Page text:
Updated: Jan 9
There’s this woman I know…
Every time I say I want to do something new she tells me it’s too hard.
Every time I say I want to try for a promotion she tells me I’m not smart enough.
Every time I think about my parenting, she tells me I’m a bad Mum.
I try to do a short course but then she tells me I won’t succeed so I may as well just give up.
I put on a red dress and she tells me it’s too bright for you, wear something darker so you don’t stand out.
I’ll tell you something, I’m quite sick of her and she needs to step!
You know who it is right?
Yeah, it’s ME!
Could you imagine a friend saying these things to you? Because I couldn’t. There is no way your circle of trust would be so unsupportive of any idea you have, no matter how ambitious. They support you through it all, they raise you up and then they push you forward.
So, tell me…why can we not do this for ourselves?
Imposter Syndrome (Oxford)
“The persistent inability to believe that one’s success is deserved or has been legitimately achieved as a result of one’s own efforts or skills”
This term was originally called Imposter Phenomenon, but the term Imposter Syndrome is recorded to have been used around 1978 by psychologists who theorised that women were uniquely affected by imposter syndrome. Research now shows that both men and women experience this.
Whilst Imposter Syndrome is not classed as an official disorder it is not something to be brushed off. Like anything that holds us back, we need to try and face it head on.
I have walked away from many situations because of an inability to accept my good parts and an ability to fully accept my bad parts. I’m talking job opportunities as well as personal relationships.
There have been so many times where I was trying to be a perfectionist and set ridiculously high standards for myself. The house had to be my kind of perfect and the food on the menu had to be just right before I held some sort of dinner party or gathering. If it wasn’t, there would be a whole heap of screaming and stress beforehand. In reality no one noticed the bits that went wrong (in my head) and they all had a great time.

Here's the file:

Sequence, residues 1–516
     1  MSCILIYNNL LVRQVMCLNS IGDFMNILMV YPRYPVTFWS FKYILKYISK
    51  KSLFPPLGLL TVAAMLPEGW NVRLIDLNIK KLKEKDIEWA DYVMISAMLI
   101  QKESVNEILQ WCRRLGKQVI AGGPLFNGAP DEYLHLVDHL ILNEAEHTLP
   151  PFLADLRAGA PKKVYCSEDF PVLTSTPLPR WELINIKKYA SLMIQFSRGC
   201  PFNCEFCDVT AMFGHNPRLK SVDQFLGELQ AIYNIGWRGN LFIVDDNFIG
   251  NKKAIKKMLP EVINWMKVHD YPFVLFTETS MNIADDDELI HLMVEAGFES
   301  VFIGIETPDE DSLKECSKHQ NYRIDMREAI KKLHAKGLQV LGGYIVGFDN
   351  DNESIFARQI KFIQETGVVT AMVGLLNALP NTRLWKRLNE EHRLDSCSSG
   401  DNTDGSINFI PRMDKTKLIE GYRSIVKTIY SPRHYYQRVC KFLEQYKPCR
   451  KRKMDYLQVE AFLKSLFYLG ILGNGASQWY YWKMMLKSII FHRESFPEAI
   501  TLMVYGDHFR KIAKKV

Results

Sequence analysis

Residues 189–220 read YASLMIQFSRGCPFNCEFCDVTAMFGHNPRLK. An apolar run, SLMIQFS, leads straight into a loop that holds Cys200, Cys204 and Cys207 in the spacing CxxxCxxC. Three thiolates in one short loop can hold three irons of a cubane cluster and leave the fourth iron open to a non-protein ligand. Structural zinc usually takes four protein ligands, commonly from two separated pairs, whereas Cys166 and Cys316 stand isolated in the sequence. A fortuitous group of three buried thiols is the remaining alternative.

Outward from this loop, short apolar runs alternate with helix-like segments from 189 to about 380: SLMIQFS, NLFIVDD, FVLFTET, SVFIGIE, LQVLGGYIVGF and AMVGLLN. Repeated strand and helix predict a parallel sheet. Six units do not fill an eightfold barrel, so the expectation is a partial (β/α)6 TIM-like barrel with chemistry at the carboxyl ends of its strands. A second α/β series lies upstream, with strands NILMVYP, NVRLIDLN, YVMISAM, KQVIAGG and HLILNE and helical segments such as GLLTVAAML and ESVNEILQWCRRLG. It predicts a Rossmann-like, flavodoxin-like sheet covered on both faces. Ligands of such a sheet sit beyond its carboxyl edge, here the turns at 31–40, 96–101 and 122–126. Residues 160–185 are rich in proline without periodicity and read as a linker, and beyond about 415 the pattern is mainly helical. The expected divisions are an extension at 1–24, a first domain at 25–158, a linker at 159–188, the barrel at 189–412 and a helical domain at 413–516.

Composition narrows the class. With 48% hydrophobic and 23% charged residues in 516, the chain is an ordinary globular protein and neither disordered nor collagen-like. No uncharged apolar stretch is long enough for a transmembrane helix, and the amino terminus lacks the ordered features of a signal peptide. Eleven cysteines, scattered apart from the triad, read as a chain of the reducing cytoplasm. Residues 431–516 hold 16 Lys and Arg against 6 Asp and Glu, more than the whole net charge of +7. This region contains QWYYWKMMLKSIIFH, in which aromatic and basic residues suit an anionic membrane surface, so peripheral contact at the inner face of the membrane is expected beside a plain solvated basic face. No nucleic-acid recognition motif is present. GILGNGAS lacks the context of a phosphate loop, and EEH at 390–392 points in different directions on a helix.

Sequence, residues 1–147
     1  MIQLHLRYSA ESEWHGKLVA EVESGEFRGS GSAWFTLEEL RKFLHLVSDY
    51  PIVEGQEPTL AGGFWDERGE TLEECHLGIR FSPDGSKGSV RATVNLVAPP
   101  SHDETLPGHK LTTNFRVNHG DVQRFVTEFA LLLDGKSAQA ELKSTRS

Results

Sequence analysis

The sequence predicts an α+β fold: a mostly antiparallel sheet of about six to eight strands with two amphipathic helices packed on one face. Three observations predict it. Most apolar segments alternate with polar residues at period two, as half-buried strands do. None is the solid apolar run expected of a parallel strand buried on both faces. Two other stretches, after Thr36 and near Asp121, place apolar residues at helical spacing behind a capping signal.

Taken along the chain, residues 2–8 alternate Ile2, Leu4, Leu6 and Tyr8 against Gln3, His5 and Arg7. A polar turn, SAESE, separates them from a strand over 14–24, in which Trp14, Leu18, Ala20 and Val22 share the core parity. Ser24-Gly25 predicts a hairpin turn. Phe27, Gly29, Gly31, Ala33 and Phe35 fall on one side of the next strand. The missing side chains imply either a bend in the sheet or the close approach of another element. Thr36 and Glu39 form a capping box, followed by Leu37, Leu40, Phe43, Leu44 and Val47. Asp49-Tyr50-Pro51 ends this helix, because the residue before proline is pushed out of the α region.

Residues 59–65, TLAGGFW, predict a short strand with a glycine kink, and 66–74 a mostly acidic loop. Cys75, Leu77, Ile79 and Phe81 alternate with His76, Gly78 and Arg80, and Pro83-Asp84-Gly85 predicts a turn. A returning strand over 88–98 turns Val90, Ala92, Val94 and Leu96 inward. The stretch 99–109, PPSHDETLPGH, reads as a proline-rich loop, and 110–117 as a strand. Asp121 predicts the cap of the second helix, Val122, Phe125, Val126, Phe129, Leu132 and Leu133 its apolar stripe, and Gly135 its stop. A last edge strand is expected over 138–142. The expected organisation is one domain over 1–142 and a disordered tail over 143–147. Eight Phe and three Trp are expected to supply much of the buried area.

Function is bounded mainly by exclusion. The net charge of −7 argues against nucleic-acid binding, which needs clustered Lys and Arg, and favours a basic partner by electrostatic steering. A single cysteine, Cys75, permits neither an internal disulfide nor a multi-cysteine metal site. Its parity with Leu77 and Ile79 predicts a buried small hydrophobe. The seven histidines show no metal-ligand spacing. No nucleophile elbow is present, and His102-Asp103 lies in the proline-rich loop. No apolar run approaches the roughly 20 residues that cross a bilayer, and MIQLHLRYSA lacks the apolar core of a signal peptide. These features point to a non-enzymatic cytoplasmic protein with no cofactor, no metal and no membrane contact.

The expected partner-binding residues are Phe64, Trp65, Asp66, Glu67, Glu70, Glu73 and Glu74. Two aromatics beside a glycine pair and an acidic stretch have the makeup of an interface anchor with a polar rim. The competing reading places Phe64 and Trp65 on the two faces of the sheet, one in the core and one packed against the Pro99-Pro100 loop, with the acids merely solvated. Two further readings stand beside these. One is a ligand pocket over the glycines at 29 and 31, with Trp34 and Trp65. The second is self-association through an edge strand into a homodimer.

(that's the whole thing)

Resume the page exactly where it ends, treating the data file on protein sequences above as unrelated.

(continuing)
I can remember numerous situations where I didn’t speak up through fear of looking stupid. You know what I mean, like when you’re at school and sheepishly put your hand up with a weird look on your face? I still did that, at 35 years old, in a meeting, at work, doing a job in my expert field that I’d done for 5 years. I doubted my ability even when I had been chosen for the job specifically.
One thing I did overcome was my ability to run. I was always a natural runner, like my father. He would still out run me at 50 whilst I was 30 and marathon training. The problem comes when you stop running then start again. You suddenly realise you've lost a bit of progress. You get a block and you feel average. Now that may sound bad, but when you feel in your heart that you are naturally good at something but then one day you are not, it makes you wonder if you were any good in the first place and it was really all just good luck? When I stepped back from the problem, I could see that with any natural ability, you need to work on it for it to improve. Elite sports men and women don’t just wing it on natural ability. They train hard, they learn their craft and continuously improve.
Another part of Imposter Syndrome is the person that always wants to work alone. I have been in this situation so many times, always wanting to complete a task by myself. The weird thing is that if anyone helps, I feel a sense of failure. However, quite often a shared project that gets a view from different aspects, can be even better. So, why do we have this soloist agenda? Success can be enjoyed in a team as well as on our own.
There are so many techniques I have come across that can help bring awareness to, challenge and change these unwanted and unhelpful thoughts. It is more than ok to challenge your first thought. In fact, I find it to be the best way to get clarity on what is and what isn’t.
Our environment past and present plays an important part in tackling Imposter Syndrome. Challenge your thoughts and I mean really be true to yourself about what has led you to this point.
If it doesn’t fit, it doesn’t work and it’s so important to identify what does and does not work for you.
Be kind to yourself first.